14. Check out different scanners that can read labels, price tags, medication bottles and differentiate between denominations of dollar bills.

Share your low-vision tips, equipment, ideas with me! We will take all of the tips and share them together before the end of the month! You can message me at krista@covellcare.com

Glaucoma & the value of Occupational Therapy

Glaucoma is a common eye disorder and there are more than 3 million cases per year in the United States alone. What is it? Pressure build up in the eye that can result in a functional visual impairment, impacting a person’s daily life.

Occupational therapists are in the business of function and purpose. They support people in most everything involved in a person’s day: bathing, driving, toileting, paying bills, working, home safety….the list goes on. The overall goal is to keep people involved and engaged in their environment, at home or in the community.

For people living with glaucoma, occupational therapy can offer modifications (i.e. equipment, lighting) for their home environment to make them safe, new techniques like visual scanning and tracking and training on low vision tools. But most off all OT’s look at things in a holistic approach to ensure people are able to participate in the things they want and need to do.

To learn more about occupational therapy and low vision support contact Covell Care at (970) 204-4331. We would love to share how we are impacting our clients’ lives.

Massage Therapy and Anxiety

According to the National Institute of Mental Health, over 40 million adult Americans suffer from anxiety disorders. Young and old, people are living with anxiety due to stress, illness or aging.

The art of physical touch, massage therapy has been around for years and known to help decrease the symptoms of various physical and mental illnesses. Below are some of the ways massage can positively impact a person’s life.

  • Increase a sense of calm/reduce anxiety after surgery.
  • Reduce anxiety pre-surgery.
  • Reduce trait anxiety with a course of treatment providing benefits similar to psychotherapy.
  • Reduce the psychological and physiological anxiety levels in patients having cataract surgery.
  • Increase neurotransmitters associated with lowering anxiety.
  • Decrease hormones associated with increasing anxiety.

There are many different massage techniques today and may be covered by insurance. Make sure to always ask questions of your massage therapist and ask about techniques. you know your body best and what you are comfortable with.

Contact Covell Care with any questions about our massage therapy program. We would love to share what we are doing in the community and how we have helped clients through massage. (970) 204-4331 or https://www.covellcare.com/massage-therapy/

In Home Fall Prevention Exercises and Strategies

Blog written by Galen Friesen, past Covell Care Intern and CSU Graduate.

In 2014, 28.7% of community-dwelling adults 65 years or older reported falling, resulting in 29 million falls [1]. Luckily, exercise is one of the most effective interventions for falls, and there are many modalities of exercise to pick from. The minimum requirement for exercise in elderly populations is 30 minutes a day, 5 days a week to see benefit [2]. Many individuals who have suffered a fall find themselves worried that if they engage in exercise they will fall again, however, it is more beneficial to begin a supervised exercise program than to completely avoid activity altogether.

First and foremost, always consult your primary care provider before starting a new exercise program; see if they have any recommendations as to what exercises would be most beneficial. Simple exercises that can be done at home include (use a chair or wall for extra stability if needed): single leg balancing, sit-squats, floor bridges, step-ups, bird-dogs, and planks. Explanations and pictures for these exercises can be found here: https://blog.nasm.org/fitness/exercise-tips-fall-prevention%E2%80%8E/. Another great resource would be your physical or occupational therapist, and they might even know a personal trainer or fitness class that they could refer you to.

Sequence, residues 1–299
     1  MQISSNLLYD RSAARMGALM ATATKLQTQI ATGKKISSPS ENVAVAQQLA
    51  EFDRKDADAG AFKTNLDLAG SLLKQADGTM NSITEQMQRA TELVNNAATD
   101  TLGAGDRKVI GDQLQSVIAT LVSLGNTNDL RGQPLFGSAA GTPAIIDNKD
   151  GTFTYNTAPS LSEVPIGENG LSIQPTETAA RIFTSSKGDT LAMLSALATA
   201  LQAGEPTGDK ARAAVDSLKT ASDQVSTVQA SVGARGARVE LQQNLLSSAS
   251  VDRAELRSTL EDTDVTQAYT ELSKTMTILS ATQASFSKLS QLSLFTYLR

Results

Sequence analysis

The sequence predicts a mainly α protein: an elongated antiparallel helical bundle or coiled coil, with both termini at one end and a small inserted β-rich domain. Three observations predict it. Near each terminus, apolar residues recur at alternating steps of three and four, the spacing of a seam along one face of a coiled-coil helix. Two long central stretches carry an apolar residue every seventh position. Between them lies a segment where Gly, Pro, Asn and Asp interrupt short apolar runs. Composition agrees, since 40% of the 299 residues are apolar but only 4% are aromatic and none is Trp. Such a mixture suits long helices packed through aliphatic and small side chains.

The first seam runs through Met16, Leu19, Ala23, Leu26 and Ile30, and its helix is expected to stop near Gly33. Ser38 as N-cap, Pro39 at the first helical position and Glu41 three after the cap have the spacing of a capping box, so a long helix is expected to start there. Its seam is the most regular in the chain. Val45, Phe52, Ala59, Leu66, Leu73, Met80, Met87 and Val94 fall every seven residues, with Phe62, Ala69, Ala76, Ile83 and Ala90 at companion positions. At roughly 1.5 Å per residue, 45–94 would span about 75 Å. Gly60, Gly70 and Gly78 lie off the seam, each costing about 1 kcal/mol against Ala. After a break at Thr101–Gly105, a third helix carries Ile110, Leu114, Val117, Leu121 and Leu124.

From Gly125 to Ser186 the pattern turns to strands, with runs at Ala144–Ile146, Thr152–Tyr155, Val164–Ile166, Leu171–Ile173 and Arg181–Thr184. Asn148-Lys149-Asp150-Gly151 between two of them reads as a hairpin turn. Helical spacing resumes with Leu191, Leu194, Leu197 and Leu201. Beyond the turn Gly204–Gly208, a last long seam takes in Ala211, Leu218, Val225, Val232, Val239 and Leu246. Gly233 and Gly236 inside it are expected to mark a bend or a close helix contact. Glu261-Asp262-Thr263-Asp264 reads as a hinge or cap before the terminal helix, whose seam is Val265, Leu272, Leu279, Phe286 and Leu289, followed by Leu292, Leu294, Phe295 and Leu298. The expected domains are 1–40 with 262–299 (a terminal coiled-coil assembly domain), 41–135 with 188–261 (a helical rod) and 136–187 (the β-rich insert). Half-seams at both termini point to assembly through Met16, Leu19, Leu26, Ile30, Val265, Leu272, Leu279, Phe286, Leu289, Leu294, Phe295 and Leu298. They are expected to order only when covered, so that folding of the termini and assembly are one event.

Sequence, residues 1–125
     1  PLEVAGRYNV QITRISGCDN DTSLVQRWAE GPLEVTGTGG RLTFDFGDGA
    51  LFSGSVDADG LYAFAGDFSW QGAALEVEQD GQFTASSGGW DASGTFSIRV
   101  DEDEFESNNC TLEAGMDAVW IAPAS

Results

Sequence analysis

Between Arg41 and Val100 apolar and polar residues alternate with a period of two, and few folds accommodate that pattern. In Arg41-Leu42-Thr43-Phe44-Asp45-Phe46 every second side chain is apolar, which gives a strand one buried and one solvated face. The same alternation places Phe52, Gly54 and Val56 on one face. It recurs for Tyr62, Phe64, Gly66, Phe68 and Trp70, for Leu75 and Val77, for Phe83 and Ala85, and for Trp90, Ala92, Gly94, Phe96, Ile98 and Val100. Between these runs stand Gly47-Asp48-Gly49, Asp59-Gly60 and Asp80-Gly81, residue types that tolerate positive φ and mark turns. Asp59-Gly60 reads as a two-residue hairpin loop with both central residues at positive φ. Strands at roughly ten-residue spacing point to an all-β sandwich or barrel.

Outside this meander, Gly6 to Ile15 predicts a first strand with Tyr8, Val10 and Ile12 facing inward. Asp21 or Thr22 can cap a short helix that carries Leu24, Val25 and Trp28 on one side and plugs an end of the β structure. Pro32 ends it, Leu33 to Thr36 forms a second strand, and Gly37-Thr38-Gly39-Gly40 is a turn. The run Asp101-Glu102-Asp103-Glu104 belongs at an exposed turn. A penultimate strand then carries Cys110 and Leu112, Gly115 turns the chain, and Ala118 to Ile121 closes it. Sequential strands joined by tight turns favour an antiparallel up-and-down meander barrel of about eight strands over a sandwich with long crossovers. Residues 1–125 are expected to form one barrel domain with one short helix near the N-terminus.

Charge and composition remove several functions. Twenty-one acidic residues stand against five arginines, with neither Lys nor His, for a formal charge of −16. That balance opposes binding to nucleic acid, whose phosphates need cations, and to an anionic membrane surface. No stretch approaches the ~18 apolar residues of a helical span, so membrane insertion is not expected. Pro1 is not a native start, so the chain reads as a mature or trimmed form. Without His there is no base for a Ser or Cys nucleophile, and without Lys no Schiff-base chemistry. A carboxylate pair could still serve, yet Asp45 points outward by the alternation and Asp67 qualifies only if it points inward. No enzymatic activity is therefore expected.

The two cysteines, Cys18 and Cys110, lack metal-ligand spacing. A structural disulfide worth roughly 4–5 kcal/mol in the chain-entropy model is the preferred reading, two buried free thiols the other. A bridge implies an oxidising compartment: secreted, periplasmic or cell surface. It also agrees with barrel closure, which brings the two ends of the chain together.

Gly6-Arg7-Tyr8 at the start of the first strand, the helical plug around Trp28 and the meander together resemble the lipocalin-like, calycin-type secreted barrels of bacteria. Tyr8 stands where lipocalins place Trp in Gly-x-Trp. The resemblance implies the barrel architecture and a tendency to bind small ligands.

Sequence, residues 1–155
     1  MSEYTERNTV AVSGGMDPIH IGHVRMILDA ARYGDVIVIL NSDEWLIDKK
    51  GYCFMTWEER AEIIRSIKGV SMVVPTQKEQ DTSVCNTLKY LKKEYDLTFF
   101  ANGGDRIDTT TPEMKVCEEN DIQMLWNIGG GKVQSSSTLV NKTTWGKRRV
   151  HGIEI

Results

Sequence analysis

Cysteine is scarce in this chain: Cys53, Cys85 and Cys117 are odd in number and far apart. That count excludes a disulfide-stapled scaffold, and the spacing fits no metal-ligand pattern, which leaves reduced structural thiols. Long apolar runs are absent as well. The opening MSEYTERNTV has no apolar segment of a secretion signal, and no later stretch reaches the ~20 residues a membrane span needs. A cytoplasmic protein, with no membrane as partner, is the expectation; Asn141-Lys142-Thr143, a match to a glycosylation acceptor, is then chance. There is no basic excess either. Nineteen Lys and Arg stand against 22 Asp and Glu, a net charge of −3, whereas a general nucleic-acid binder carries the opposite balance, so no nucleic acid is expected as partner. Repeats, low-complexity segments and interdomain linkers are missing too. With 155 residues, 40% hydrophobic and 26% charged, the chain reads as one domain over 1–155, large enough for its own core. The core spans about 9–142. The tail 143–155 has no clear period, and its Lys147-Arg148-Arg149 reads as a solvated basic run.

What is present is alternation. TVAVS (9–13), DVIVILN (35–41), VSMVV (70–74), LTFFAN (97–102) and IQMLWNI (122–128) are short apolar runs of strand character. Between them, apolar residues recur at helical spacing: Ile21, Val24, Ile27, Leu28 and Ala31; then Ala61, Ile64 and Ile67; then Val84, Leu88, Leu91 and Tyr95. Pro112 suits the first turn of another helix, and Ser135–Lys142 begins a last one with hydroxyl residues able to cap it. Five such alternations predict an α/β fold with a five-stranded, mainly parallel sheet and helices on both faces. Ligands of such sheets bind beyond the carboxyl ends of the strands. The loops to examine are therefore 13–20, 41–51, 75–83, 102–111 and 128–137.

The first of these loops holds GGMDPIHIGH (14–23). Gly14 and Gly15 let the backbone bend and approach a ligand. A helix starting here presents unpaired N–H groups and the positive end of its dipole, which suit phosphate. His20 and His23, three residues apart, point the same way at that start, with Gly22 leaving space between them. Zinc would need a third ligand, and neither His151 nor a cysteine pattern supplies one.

Along with exercise, a great way to reduce the risk of falls in the home is to
reduce the number of obstacles in your environment – removing decorative rugs, keeping a clear floor, and providing space around corners and in walkways reduces the likelihood of environment induced falls. Take your time while transitioning from seated to standing and while entering rooms or turning corners to make sure you have a constant mindfulness about your center of balance.

[1 Grossman, D. C. (2018, April/May). Interventions to Prevent Falls in Community-Dwelling Older Adults US Preventive Services Task Force Recommendation Statement.
[2] Exercise – the Miracle Cure. (2016, June 16). Retrieved from http://www.aomrc.org.uk/reports-guidance/exercise-the-miracle-cure-0215/

Diet vs. Healthy Eating

Our stomach drives our decision on when to eat but it is often our emotions, available time and ease that may drive the decision of what we eat. We are living in a fast-pace society where demands can be high in our career and how we manage our family structures. This makes it hard to take the time to think about eating healthy…or at least that is what we tell ourselves.

There are many diets out there today that give us a guide on what we should eat, taking some of the decisions out of our day. But are those diets sustainable over time? Should we trash the diets and just focus on making healthy decisions?

Healthy eating, along with understanding your health is the answer for long-term success. If you are living with a chronic health condition (including depression, incontinence) keep in mind what food options help manage your condition’s symptoms and implement those options into your meal planning. This shouldn’t add any additional stress or time, and in the long run will potentially save on healthcare dollars and have a positive impact on your overall health.

So what to do next…know your needs. What health conditions are you living with? Are there certain foods that help or hinder your condition? What are you currently eating? And how to you need after? Are you at a healthy weight for your height and age? What areas do you struggle with when it comes to eating? What can you substitute that would be a healthier option?

This is gives you a good starting point. If you need more support please contact our office to work with our Registered Dietitian. She can help make this process simple and achieve your goals. Call us at (970) 204-4331.